One of the most challenging aspects of the first few months of parenting a newborn is infant crying.
Most parents I meet who have just had their first baby say that nothing could have prepared them for how the sound of their own baby crying would make them feel. They describe feelings of helplessness, fear and frustration when their babies cry.
Our babies’ cries are designed by nature to sound distressing to us. This ensures we wake in the night to feed and care for them. But the view we hold about whether crying is normal, and what our role is when responding to crying affects how much the crying distresses us.
For a variety of reasons, well before they even hold their own newborn, parents have often absorbed the message that when a baby cries it’s the parent’s job to work out what’s wrong … and fix it.
This is probably the most unhelpful message we can give parents about crying because it makes parents feel more distressed...
All kids struggle with transitions.
These can be the daily struggles of moving from the dinner table to the bath, or the bigger changes that impact our child's sense of security like a house move, daycare change, or the big one - welcoming a new baby into the family.
The struggle that kids have with transitions and change points happens for a for a variety of reasons, but know this:
It is so normal for it to be a daily battle getting kids into the car, out of the bath and all the rest. It is our children's job to struggle with these moments, the struggle is how they grow their brains. It is our job to be bigger, stronger, wise and kind - all the things they need to support them with transitions.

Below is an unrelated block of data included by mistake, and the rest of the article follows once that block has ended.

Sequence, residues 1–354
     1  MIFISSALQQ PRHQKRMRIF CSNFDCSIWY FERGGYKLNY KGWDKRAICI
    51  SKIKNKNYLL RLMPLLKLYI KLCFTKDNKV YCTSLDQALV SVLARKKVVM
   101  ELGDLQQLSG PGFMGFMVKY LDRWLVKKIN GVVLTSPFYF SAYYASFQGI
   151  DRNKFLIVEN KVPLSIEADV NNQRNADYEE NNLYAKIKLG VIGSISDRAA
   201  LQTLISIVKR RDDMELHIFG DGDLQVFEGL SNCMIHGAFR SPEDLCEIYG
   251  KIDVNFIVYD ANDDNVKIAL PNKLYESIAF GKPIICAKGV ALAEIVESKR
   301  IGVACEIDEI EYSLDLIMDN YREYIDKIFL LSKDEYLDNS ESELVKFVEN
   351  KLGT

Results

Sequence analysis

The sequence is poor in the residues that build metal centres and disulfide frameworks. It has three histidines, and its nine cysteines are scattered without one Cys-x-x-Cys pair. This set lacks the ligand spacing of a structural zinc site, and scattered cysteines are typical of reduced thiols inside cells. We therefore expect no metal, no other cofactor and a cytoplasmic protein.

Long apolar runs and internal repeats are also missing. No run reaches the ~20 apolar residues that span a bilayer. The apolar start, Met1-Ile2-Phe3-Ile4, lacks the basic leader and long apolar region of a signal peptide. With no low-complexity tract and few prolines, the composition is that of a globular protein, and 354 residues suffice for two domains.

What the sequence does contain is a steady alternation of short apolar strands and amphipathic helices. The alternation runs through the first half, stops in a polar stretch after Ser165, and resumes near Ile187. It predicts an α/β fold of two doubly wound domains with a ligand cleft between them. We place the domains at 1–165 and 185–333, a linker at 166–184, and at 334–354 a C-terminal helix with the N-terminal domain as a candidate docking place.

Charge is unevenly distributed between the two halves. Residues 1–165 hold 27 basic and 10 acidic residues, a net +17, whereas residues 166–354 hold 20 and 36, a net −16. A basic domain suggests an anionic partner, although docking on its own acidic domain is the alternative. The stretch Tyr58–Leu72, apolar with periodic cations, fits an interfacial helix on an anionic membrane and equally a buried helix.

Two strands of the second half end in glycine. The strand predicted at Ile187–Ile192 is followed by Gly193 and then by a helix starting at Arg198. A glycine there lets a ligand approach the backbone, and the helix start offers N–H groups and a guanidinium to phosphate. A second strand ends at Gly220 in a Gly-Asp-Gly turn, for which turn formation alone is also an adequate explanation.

Tips for daily transitions.
We all know that feeling. It's time to get in the car and your child is really enjoying some LEGO. You know what is coming when you tell them to stop doing what they enjoy and get in the car..... As hard as this is for parents our...
"When we prioritise our kids’ freedom or happiness – but overlook our kids’ crucial need to feel like their parents are in charge and “at the wheel” – we are letting them down. Too much freedom, and a lack of limits actually makes children feel the opposite of free. When this occurs enough they often express their discomfort through limit-pushing behaviour.
Boundaries are essential for children, and also for parents, who are overwhelmed and exhausted and wondering if it’s meant to be THIS hard. As an educator working with parents around creating a secure attachment with babies and kids, and as a mum of four beautiful boys, I believe that boundaries are one of the highest forms of love there is.
Let’s say your child is at a boundary moment. They are swinging from the rafters, throwing a...
Sometimes we parents get it wrong.
We yell or lose it.
We ‘dig in’ for the sake of being right, long beyond the point of being helpful.
We don’t respond with kindness in a moment that requires connection, because we had our own stuff going on.
One of the biggest myths about parenting is that there’s an ideal – that it’s even possible to be the parent that our child needs all of the time.
Parenting is hard. It’s taxing, it’s physical, and it pushes your buttons in ways you never imagined before kids.
Some days – despite knowing the parent we want to be, we are a different parent – the parent we swore we’d never be.
If you think you are the only parent making these mistakes, you’re not. We all stuff it up.
And while there is no ‘undo’ in parenting, here are the words that create a ‘reset’.
“Let me try that again”
It takes courage to...
An article by Genevieve that was published on Inner West Mums October 2020.
"The addition of a new baby into a family is always a big change. Parents are learning how to feed, settle and read cues with increased demands on time and sleep, and a newborn is adjusting to life outside the womb.
When parents welcome a second or third baby it is usually less of a learning curve for the parents than it is for the toddler or older child. For young children, it is a big transition as they adjust to sharing their parents for the first time.
The key questions parents often wonder as they prepare for a second baby are: